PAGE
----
Post-Collapse Change and Continuity in Bolivia’s Desaguadero Valley
Author(s): Jennifer Zovar
There is often a discontinuity between studies of ‘collapse’ and studies of post-collapse periods. This can lead to the periods following collapse being defined by a "lack" of what came before. In the southern Titicaca basin, for example, the period following the collapse of the Tiwanaku state has been defined by a lack of monumental construction, raised fields, large-scale feasting events, or Tiwanaku-style iconography. Nevertheless, recent explorations have demonstrated that while "collapse" is generally understood as a relatively "rapid" sociopolitical shift, it does not necessarily lead to abrupt discontinuity in the lives of individuals or communities, especially in non-elite circles. In Bolivia’s Desaguadero Valley, for example, significant continuities are noted in utilitarian ceramics and everyday domestic architecture at the same time that there were major changes in ceremonial patterns and larger-scale settlement organization. This paper interrogates the multifaceted nature of these changes and continuities through the process of collapse and subsequent post-collapse reorganization in the Desaguadero Valley.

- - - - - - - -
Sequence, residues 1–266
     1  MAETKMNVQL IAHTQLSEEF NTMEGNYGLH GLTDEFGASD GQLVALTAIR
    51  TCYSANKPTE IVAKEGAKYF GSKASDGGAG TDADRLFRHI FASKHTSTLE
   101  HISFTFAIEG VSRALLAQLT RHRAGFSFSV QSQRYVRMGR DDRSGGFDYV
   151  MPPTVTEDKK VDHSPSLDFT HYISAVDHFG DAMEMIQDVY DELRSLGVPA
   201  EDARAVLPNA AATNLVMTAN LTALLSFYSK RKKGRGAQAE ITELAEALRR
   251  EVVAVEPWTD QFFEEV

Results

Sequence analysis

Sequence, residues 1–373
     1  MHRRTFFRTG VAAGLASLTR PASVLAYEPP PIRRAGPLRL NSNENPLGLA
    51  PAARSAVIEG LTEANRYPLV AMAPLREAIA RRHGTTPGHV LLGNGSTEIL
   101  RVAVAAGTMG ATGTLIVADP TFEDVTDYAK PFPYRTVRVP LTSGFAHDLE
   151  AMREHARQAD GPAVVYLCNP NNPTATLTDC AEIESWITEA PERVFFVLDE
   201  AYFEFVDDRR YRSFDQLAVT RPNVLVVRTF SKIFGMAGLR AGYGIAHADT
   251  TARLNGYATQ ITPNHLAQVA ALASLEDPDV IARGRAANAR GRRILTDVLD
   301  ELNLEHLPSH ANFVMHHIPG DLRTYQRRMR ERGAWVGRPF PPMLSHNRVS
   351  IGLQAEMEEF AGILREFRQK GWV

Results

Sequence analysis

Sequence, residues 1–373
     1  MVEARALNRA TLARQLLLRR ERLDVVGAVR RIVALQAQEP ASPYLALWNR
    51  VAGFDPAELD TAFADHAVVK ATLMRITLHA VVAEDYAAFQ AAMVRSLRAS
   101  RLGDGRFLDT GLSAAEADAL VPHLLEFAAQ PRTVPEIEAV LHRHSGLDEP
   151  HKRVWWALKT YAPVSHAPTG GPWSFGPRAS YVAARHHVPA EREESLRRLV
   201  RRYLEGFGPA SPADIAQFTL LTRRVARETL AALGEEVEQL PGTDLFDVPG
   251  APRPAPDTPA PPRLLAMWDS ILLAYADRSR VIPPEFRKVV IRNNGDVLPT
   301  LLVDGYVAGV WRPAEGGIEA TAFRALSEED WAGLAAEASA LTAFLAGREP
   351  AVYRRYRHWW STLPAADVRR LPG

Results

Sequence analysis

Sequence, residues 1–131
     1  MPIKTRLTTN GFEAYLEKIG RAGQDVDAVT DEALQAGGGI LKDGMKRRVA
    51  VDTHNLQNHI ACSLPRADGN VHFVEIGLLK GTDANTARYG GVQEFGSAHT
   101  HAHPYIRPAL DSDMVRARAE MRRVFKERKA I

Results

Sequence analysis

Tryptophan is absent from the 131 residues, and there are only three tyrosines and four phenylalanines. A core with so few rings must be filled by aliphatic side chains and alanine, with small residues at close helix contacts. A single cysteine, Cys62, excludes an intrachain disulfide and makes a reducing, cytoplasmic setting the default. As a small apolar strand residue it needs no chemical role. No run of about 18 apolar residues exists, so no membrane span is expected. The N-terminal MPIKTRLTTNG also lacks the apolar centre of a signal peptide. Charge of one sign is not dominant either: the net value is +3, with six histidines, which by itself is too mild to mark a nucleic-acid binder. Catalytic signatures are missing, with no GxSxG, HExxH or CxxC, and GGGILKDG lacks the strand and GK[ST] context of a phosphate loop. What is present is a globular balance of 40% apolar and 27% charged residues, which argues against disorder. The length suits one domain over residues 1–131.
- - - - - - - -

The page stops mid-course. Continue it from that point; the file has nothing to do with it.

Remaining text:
SAA 2015 abstracts made available in tDAR courtesy of the Society for American Archaeology and Center for Digital Antiquity Collaborative Program to improve digital data in archaeology. If you are the author of this presentation you may upload your paper, poster, presentation, or associated data (up to 3 files/30MB) for free. Please visit http://www.tdar.org/SAA2015 for instructions and more information.
This Resource is Part of the Following Collections
- Society for American Archaeology 80th Annual Meeting, San Francisco, CA (2015) •
- Regional Perspectives on the Tiwanaku Collapse: "Post-expansive" chronology, cultural transformation and ethnogenesis in the south central Andes
Cite this Record
Post-Collapse Change and Continuity in Bolivia’s Desaguadero Valley. Jennifer Zovar. Presented at The 80th Annual Meeting of the Society for American Archaeology, San Francisco, California. 2015 ( tDAR id: 396877)
min long: -93.691; min lat: -56.945 ; max long: -31.113; max lat: 18.48 ;